Years ago, gluten-free cookies were either loaded with nuts or left an unpleasant grainy texture in your mouth.
Luckily, gluten-free flour has come leaps and bounds, and I’ll bet nobody will even know some of these aren’t loaded with wheat.
Of course, some still use ground almonds, and they’re best for people who want low-carb cookies.
But with the availability of gluten-free flour, you’ll have the choice now.’
Each of these 23 recipes is perfect for people with allergies and intolerances, and they’re pretty darn delicious, too.
I had to start with a classic because if you can’t make a decent gluten-free chocolate chip cookie, what’s the point, right?
As I mentioned before, gluten-free cookies and baked goods used to be a challenge, and they somehow always had a very gritty and dry finish.
Gluten-free flour has come a long way, but it’s still not perfect.
That’s because to make it gluten-free, it often includes rice flour, which is where that gritty texture comes from.
So, to combat that, you need to add extra moisture and starch, like cornflour, to help keep the cookie tender.
Alternatively, choose a gluten-free flour blend that doesn’t include rice flour.
Back to the recipe, these cookies have a perfect balance of moisture to flour. All it takes is a little extra milk in the dough.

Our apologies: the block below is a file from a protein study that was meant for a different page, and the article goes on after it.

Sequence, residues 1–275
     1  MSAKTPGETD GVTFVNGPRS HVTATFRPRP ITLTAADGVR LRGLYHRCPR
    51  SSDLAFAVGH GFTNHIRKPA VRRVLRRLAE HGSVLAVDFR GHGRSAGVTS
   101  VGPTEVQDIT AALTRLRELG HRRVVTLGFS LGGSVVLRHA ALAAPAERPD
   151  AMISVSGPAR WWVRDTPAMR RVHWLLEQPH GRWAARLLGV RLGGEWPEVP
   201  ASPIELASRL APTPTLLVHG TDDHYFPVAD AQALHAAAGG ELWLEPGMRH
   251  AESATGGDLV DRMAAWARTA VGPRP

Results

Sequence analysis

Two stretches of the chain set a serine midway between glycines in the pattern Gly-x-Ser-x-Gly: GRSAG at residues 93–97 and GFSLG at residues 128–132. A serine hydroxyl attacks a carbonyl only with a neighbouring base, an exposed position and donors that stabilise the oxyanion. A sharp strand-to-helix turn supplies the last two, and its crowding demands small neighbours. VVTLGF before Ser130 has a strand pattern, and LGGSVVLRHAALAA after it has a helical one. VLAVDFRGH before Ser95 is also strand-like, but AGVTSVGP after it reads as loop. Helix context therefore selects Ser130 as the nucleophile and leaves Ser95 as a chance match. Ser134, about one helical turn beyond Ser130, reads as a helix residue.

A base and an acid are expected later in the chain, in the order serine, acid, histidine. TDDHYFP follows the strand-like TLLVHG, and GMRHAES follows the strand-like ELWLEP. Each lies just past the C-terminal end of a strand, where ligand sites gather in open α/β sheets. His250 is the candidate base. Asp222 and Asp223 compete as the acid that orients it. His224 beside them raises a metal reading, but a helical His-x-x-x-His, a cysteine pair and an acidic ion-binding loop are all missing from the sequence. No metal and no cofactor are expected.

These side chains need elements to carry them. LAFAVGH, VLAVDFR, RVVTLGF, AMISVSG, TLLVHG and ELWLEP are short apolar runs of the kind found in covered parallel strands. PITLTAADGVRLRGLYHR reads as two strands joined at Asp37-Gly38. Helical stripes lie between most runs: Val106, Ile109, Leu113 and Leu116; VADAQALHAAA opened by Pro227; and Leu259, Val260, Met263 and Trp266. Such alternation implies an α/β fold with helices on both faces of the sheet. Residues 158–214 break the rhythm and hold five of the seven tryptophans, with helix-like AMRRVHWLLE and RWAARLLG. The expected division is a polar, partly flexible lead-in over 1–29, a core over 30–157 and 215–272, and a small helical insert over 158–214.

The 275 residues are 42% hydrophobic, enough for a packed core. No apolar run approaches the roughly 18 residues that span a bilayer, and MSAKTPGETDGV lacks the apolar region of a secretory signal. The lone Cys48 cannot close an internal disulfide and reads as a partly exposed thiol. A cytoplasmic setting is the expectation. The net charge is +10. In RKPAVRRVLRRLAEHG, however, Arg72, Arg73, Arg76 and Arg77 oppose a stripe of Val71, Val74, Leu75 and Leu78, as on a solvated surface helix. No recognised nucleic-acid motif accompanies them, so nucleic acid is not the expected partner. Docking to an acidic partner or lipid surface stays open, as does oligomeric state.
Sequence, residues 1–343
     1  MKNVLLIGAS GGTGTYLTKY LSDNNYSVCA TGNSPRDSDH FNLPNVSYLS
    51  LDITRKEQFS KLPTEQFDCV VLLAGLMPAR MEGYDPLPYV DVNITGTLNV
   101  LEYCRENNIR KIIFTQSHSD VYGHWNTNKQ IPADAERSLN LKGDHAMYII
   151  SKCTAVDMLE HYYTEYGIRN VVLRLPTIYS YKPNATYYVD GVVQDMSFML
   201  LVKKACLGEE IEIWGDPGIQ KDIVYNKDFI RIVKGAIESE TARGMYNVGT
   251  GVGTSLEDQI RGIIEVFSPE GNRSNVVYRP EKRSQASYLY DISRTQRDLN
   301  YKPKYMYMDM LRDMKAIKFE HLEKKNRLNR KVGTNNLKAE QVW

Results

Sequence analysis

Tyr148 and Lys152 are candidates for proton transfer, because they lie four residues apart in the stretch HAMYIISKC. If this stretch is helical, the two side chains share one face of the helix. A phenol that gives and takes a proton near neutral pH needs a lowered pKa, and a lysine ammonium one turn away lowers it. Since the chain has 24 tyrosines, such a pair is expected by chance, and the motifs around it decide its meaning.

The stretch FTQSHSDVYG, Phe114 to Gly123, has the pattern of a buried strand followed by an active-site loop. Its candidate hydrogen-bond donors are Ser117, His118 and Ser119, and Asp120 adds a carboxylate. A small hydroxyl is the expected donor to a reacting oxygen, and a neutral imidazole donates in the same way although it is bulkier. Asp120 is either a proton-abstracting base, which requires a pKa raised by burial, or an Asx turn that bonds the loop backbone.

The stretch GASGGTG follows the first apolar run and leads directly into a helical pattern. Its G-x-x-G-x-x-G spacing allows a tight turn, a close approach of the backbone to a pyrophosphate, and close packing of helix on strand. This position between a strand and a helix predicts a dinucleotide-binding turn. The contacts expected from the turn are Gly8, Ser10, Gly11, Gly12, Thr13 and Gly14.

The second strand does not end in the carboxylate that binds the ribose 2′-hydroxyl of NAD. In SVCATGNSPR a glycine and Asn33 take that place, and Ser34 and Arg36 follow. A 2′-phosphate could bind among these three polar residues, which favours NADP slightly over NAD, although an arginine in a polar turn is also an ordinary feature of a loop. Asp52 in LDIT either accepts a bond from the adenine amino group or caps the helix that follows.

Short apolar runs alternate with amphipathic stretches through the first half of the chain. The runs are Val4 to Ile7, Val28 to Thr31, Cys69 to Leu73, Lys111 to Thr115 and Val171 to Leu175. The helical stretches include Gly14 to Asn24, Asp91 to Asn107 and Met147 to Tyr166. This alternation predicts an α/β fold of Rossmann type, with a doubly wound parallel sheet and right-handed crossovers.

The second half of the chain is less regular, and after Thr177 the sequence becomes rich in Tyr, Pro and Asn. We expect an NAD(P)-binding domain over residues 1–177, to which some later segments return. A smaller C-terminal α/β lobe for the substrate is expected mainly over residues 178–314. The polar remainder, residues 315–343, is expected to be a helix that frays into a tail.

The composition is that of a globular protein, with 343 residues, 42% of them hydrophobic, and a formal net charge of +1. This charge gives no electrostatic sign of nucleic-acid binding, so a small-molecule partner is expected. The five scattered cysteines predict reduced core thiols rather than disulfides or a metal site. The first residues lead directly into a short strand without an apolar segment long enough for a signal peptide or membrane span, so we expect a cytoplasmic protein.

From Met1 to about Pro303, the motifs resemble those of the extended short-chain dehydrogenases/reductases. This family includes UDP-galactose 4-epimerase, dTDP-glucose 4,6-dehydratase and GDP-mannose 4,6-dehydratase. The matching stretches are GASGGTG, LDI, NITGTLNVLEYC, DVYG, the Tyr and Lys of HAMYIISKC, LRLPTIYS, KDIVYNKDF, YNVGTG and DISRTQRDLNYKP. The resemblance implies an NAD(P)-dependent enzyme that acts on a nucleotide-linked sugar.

Not only that, but they’re made with brown butter for added flavor.
What better way to infuse a batch of cookies with moisture than to add pumpkin to the mix? ‘Tis the season, after all!
Pumpkin cookies are notoriously soft and tender, and these are no exception. Oh, and did I mention they’re egg-free to boot?
Just mix gluten-free flour with packed brown sugar, baking soda, cinnamon, and nutmeg in a large bowl, so everything is well blended.
Then, stir in coconut oil, pumpkin purée, and vanilla, followed by dark chocolate chips. Portion. Bake. Devour!
Brown sugar is the key to making cookies chewy.
It has more moisture than white sugar, and since it’s made with molasses, your dough will be a little more sticky.
This recipe is actually straight from a box, so you’ll need to find King Arthur Gluten Free Cookie Mix.
To that, you’ll add butter, eggs, and water, and remember to be gentle when mixing.
Keep them simple or go ahead and add chopped nuts or chocolate chips.
I love sugar cookies, but I don’t always have the time to roll and cut a batch. That’s why I love this simple drop recipe.
You’ll use slightly less flour, making the dough wetter and, therefore, more likely to spread in the oven (like chocolate chip cookies do).
The dough is firm with standard sugar cookies, and you need to roll it out and cut shapes. They don’t spread much, by design, so that you can decorate them.
That doesn’t mean you can’t decorate these, of course. You just won’t have a perfectly flat surface to work with.
In my opinion, peanut butter cookies should be firm, if slightly crisp around the edges, and wonderfully chewy in the middle.